Gabrielle Marranci believes that the prison service must tackle the isolation in the prison system by allowing more open debate amongst prisoners and in particular allow Imams to engage Muslim inmates.
But in order for this to happen something must be done about prison imams. Whilst the Home Office has actively recruited new Imams to join the prison chaplaincy, former inmates and insiders have told BBC London that whilst these men may be well-intentioned they are largely ignored.
We’ve been told that difference in age and cultural background between prisoners and the Imams means they are often not seen as credible.
Instead the prisoners “appoint” a spiritual leader from amongst their own; creating a secret society in prison which is fuelled by a resentment of British society and a pervasive sense of injustice against Muslims. Marranci believes this is a recipe for more suicide bombers.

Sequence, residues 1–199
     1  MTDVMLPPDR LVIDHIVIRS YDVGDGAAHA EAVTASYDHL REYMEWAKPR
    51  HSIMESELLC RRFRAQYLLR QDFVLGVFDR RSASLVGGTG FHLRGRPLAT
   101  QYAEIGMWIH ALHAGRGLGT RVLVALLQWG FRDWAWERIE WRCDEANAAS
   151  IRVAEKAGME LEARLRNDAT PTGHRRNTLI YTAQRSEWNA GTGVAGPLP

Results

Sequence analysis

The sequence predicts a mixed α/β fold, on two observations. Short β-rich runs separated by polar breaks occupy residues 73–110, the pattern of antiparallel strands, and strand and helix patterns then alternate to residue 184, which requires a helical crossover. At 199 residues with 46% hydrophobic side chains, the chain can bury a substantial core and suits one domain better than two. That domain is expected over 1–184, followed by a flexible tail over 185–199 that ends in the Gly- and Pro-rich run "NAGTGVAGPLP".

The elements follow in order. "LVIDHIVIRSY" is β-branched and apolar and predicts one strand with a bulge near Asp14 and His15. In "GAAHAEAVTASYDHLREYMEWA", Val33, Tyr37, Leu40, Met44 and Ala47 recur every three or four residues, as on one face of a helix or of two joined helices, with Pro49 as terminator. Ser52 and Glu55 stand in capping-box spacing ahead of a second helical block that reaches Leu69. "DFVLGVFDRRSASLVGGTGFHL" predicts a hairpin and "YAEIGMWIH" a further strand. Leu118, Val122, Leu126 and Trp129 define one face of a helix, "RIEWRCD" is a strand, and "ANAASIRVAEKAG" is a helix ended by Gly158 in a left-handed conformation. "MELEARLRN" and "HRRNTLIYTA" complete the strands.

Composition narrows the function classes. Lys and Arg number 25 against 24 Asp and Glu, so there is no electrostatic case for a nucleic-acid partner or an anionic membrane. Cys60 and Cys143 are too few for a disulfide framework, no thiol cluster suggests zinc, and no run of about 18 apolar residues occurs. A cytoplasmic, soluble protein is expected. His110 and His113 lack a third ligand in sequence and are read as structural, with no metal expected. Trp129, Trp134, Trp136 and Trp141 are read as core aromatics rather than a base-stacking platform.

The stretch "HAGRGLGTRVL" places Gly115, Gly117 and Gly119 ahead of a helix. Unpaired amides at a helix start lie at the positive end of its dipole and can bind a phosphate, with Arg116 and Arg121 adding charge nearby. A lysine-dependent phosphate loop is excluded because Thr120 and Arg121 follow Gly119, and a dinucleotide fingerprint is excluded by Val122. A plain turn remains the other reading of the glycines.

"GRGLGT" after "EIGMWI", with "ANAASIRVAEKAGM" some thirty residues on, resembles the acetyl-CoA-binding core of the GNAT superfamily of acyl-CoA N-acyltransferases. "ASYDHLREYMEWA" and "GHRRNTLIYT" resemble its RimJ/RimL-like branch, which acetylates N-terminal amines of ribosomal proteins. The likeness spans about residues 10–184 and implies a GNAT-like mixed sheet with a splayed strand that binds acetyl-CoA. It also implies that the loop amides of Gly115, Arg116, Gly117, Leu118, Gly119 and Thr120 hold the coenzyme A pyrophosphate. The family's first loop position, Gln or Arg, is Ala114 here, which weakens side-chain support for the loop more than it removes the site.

It doesn’t take a rocket scientist to work out that with more extremists being sent to prison, the prison service is going to have to work out some solutions. Whilst it wouldn’t be fair to say that all extremists are recruited from former prison inmates. Some have been schoolteachers, others come from well-to-do backgrounds, but it would be foolish to ignore Dr Marranci’s research.
Gary Ruff remembers his fellow gang member, Muktar Said Ibrahim, as not the brightest of the bunch. He believes he was gullible and vulnerable to being steered towards terrorism.
It would appear that on his release from prison in 1998 few people were on hand to guide him from this path. Of course no-one knew then that extremists would carry out a suicide bombing campaign against Londoners.
No-one can now say they haven’t had plenty of warning.
last updated: 01/05/2008 at 10:38